Women’s Equality Day Commemoration Inaugurates Women’s Vote Centennial with Statewide Call to Action

Plans announced to reach every county across the state, reinforce Colorado’s role in the national movement, and build new knowledge around this topic.

By Diane Amdur, Philosophy Communication

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On Women’s Equality Day, Governor Jared Polis, representatives of History Colorado, and the newly formed Colorado Women’s Vote Centennial Commission (WVCC) made history on the steps of the Colorado State Capitol, when they kicked off the Women’s Vote Centennial commemoration of the 19th Amendment. On the anniversary of the largest voting-rights expansion in U.S. history, the event launched a full year of educational programming, community engagement and partnerships in all 64 Colorado counties.  (Photos from Aug. 26, 2019 – photo credit: History Colorado)

History Colorado, the state agency leading the initiative, announced inclusive, historic opportunities for Coloradans to participate, join grassroots efforts, andhonor the bold individuals who fought for female voting rights. History Colorado invites interested organizations and individuals across the state to collaborate together to create space and events for civic engagement, commemoration, impact and support. Statewide partnerships between local museums, libraries, clubs, schools, arts organizations and individuals in communities will provide settings for suffrage-related events and dialogue.

The Women’s Vote Centennial comprises the nation’s most comprehensive statewide effort to examine the importance of voting in our democracy. For more information about ways to get involved and participate, visit COWomensCentennial.org, call 303-620-4933, or email HC_COWomensHistory@state.co.us.

“We want this work to live on and to create a buzz within every Colorado community. It is only through partnerships and collaboration that we can reach individuals statewide with messages, programs and experiences that explore the journey and struggle to achieve voting rights,” said Dawn DiPrince, chief operating officer of History Colorado. “We want to provide educational touchpoints and help tell these untold stories that bridge history with modern-day Colorado.”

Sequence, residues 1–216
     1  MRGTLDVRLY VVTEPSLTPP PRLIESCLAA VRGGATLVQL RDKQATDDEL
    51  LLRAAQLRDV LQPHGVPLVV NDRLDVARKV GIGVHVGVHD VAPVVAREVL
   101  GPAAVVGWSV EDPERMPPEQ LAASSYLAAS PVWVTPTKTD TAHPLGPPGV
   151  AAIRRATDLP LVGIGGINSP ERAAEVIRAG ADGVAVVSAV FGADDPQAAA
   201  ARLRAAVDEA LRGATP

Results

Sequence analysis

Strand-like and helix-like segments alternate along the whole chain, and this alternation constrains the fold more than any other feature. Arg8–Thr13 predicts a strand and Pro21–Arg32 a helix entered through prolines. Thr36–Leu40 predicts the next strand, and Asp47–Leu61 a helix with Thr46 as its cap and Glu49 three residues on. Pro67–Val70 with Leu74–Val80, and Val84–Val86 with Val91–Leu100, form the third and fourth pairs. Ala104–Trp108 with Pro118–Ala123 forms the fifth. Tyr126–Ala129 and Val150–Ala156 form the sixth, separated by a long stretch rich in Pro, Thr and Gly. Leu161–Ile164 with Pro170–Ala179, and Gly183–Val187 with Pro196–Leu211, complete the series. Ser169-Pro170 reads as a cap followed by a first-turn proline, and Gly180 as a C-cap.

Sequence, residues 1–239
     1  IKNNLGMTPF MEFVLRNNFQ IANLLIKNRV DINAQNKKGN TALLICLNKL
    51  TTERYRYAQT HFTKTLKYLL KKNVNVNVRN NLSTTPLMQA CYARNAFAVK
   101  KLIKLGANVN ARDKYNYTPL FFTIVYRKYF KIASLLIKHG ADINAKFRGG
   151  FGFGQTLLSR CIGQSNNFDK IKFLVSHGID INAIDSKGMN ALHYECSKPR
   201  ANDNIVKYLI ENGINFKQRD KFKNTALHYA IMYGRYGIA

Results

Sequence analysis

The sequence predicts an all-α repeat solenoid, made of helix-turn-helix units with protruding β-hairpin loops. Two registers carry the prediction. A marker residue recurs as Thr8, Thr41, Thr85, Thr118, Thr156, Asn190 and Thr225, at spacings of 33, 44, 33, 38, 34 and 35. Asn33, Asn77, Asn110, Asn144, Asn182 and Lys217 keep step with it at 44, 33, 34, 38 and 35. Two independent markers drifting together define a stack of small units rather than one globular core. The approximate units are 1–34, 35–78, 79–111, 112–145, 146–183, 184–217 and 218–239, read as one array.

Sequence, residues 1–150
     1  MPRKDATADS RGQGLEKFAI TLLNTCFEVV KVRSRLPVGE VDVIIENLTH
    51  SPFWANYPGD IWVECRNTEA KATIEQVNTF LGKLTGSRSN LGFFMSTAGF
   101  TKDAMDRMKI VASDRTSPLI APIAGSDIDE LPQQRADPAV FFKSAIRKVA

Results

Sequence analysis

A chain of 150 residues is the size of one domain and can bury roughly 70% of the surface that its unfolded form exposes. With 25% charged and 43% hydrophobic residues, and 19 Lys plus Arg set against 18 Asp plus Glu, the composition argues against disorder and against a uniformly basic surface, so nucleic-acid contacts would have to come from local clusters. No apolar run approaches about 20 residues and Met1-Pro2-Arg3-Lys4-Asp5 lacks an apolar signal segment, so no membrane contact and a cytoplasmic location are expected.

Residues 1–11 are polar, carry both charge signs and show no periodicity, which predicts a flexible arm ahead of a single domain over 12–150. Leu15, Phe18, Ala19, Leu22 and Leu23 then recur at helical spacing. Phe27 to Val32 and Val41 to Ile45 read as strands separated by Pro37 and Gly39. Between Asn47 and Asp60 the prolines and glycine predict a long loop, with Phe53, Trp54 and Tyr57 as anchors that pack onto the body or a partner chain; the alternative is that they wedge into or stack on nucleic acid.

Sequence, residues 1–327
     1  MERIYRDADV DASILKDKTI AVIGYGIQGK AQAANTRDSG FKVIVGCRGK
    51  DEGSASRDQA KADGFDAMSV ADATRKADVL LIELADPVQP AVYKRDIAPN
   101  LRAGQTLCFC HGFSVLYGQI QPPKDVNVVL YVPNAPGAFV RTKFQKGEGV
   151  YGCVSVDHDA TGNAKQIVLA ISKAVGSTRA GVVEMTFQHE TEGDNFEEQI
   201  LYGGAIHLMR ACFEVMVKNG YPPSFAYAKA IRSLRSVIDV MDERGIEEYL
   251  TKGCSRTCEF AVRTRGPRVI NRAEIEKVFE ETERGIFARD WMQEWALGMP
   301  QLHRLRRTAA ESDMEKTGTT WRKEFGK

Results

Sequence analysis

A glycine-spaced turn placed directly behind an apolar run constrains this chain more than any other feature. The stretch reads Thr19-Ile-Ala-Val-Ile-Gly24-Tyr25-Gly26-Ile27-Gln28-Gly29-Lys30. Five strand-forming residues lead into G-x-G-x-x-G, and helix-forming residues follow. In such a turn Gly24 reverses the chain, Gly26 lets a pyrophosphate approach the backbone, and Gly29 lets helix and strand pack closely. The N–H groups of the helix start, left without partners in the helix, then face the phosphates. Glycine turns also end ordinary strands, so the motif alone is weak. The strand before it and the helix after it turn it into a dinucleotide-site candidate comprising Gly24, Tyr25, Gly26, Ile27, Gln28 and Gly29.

In 1893, Colorado was the first state to outlaw, via state referendum, denying citizens the right to vote based on their sex. This took place more than 25 years before the national women’s suffrage act was signed into law on Aug. 26, 1920. The trailblazing collaborative fight for women’s voting rights changed the course of history in Colorado and continues to inspire social, economic, political and cultural advancements today.

“As the first state to give women the right to vote by popular referendum, Colorado has a lot to be proud of and a lot to commemorate,” said Cathey M. Finlon, chair of the Colorado Women’s Vote Centennial Commission. “We also have the opportunity to understand what brought this vote to pass — the coalitions, the economic anxieties, the societal situations that came together to achieve this momentous result. We will call attention to Colorado’s important role in the national movement for the women’s vote, while inspiring new action and research.”

Statewide Programming

Statewide events and initiatives officially commenced today on Women’s Equality Day and will culminate in 2020, with the 100th anniversary of the 19thAmendment’s adoption. Several organizations are already participating in the grassroots movement, including the Arvada Center, Colorado Women’s Hall of Fame, Colorado Encyclopedia, El Pueblo History Museum, Fort Garland Museum and Cultural Center, League of Women Voters, Molly Brown House, Regis University, Territorial Daughters of Colorado, and Trinidad History Museum. Statewide, organizations are invited to become partners in programming, with support from History Colorado.  

History Colorado’s mission is to create a better future for Colorado by inspiring wonder in our past. The charitable organization and historical agency serves as the state’s memory, preserving the places, stories and material culture of Colorado through educational programs, historic preservation grants, a public research library, collections, and outreach to Colorado communities. History Colorado has become a force for finding new and inclusive ways to serve Coloradans. In 2018, it provided programs to more than 18,000 students in their own schools, and assisted more than 40 schools with bus funds, to expand efforts that now serve more than 85,000 students annually. Its all-day Hands-On History program at El Pueblo History Museum responds to the four-day school week that is now administered by 61 percent of Colorado school districts. Its Museum of Memories project, a public-history initiative to help communities reframe challenges and struggles into histories of resilience and pride, garnered more than 480 participants last year.

With eight museums around the state, History Colorado shares the cultures and stories that define Colorado’s past and present, including History Colorado Center (Denver); Center for Colorado Women’s History at Byers-Evans House (Denver); El Pueblo History Museum (Pueblo); Trinidad History Museum (Trinidad); Fort Garland Museum & Cultural Center (Fort Garland); Healy House Museum & Dexter Cabin (Leadville); Ute Indian Museum (Montrose); and Fort Vasquez (Platteville). Visit HistoryColorado.org or call 303-HISTORY, for more information.

 

For a calendar with upcoming events, please click here and scroll down.

 

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